<< Chapter One: Cotton Underwear <<

Back in the proto-technology days, when foreign correspondents spent weeks out of touch with their desks, I asked friends what advice editors had offered them as they headed out on their first assignment. Bob Sullivan, as a kid off to an ugly war taking shape in Vietnam for United Press International, went to a promising source. His foreign editor, a gravelly voiced, gray-haired legend named Walter Logan, had been everywhere. “Cotton underwear,” Logan told him. “Nylon clings in the tropics.”

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« Mort's Rules «

One morning before class, I batted out a simple list of things any reporter working beyond borders should keep in mind. Each is so ingrained in my physic hardware that the project took only a few minutes. Over time, I reflected, revised, and bounced ideas off colleagues. The result is not much different from the original.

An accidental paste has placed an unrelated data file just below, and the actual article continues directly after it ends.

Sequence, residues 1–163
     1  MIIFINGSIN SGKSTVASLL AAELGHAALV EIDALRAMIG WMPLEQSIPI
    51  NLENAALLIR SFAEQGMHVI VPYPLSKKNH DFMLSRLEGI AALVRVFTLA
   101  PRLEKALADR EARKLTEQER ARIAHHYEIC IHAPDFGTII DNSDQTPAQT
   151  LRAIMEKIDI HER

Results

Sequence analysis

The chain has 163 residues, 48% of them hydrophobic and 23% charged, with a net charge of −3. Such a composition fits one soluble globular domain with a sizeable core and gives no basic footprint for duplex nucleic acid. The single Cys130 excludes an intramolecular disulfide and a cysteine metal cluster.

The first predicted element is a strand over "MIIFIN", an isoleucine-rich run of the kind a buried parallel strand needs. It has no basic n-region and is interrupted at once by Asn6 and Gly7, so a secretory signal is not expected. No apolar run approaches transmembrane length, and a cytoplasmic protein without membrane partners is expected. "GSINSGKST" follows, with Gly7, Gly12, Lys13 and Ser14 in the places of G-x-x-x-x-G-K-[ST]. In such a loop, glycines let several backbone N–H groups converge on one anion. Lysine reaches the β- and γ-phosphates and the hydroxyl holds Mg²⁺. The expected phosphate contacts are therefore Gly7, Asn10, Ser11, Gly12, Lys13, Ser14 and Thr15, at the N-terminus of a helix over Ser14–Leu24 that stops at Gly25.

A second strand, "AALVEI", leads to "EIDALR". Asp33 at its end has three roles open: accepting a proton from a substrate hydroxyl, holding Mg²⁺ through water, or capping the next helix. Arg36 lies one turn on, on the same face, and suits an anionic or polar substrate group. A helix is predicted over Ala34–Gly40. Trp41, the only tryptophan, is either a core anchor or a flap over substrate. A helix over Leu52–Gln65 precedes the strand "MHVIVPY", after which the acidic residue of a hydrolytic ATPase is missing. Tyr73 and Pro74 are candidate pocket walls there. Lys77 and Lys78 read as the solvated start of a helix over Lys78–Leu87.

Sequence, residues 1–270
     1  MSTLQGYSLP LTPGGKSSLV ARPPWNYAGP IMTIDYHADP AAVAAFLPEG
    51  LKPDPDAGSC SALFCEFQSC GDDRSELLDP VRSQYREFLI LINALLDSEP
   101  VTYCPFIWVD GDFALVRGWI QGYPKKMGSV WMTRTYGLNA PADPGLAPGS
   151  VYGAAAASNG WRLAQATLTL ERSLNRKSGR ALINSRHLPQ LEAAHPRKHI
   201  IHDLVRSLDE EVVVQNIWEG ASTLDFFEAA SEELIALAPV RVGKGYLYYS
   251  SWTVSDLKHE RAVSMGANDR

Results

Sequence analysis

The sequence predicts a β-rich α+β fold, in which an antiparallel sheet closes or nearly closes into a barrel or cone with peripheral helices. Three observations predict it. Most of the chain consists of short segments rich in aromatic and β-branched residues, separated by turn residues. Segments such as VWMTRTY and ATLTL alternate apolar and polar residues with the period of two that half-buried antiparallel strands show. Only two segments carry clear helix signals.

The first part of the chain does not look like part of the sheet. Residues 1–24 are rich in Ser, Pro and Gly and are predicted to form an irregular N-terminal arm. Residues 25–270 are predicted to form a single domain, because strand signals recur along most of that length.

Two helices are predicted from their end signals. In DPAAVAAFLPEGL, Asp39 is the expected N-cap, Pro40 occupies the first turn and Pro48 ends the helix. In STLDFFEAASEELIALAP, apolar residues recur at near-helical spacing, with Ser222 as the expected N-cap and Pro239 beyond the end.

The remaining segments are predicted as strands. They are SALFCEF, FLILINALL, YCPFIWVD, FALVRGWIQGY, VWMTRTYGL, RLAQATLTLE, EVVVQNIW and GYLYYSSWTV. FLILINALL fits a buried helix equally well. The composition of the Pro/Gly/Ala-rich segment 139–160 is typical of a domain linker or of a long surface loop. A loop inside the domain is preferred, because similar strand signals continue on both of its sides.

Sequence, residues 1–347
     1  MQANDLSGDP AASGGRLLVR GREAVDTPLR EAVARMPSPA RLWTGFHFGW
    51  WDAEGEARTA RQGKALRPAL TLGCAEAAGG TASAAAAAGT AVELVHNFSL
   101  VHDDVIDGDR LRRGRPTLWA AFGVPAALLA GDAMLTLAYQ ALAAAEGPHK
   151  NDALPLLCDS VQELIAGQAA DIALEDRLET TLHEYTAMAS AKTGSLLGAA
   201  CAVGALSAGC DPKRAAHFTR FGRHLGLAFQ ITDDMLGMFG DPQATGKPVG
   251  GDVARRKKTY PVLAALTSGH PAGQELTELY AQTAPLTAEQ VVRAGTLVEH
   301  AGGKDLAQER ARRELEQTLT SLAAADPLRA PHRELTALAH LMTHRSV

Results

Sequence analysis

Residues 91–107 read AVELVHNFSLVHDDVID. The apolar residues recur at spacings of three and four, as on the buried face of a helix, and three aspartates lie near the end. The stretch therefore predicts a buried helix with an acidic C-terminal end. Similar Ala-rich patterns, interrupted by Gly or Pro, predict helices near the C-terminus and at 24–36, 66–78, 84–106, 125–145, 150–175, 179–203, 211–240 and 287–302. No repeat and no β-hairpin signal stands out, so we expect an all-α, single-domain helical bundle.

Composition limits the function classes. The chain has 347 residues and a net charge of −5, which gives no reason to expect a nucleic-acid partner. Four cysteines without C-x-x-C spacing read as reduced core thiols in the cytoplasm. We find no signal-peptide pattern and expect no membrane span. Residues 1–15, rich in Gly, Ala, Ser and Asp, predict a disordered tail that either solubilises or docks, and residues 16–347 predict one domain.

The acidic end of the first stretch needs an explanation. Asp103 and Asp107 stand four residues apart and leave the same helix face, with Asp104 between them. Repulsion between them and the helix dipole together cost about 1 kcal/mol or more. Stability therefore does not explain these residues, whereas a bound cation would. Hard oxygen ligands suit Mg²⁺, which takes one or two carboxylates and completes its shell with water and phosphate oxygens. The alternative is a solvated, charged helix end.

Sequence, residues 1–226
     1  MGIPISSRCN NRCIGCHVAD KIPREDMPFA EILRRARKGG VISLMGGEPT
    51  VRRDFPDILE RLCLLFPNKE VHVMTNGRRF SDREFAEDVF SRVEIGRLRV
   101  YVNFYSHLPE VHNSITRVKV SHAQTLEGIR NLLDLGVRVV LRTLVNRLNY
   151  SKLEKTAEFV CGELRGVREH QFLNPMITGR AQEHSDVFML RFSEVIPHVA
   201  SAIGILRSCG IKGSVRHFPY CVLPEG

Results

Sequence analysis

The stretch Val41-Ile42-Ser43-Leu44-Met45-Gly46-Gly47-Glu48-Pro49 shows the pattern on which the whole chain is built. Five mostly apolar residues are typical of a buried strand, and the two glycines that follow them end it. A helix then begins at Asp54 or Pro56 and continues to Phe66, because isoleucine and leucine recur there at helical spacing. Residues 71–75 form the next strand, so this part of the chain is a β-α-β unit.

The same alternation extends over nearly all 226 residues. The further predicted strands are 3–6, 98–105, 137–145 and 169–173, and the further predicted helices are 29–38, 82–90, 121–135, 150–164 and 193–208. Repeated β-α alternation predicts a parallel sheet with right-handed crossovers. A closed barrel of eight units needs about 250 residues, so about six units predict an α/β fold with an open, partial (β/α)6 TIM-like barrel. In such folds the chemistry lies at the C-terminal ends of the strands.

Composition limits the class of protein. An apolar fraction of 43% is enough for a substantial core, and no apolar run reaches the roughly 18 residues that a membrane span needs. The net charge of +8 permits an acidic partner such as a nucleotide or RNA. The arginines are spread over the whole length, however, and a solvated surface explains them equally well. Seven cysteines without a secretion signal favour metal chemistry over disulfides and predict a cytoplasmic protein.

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Chapter Three: Cultural Bridges

If you are lucky, your byline is Ahmed O’Goldberg Wong-Gonzales. Take it from a guy named Rosenblum. However you sign your copy, someone will make assumptions and look for hidden motives or biases. Understand this, deal with it, then ignore it.

Foreign correspondents have belief systems, political leanings, and complex inner workings shaped by family, friends, and societies in which they were raised. To do the job right, we each have to take stock of these various elements and box them away as best we can.

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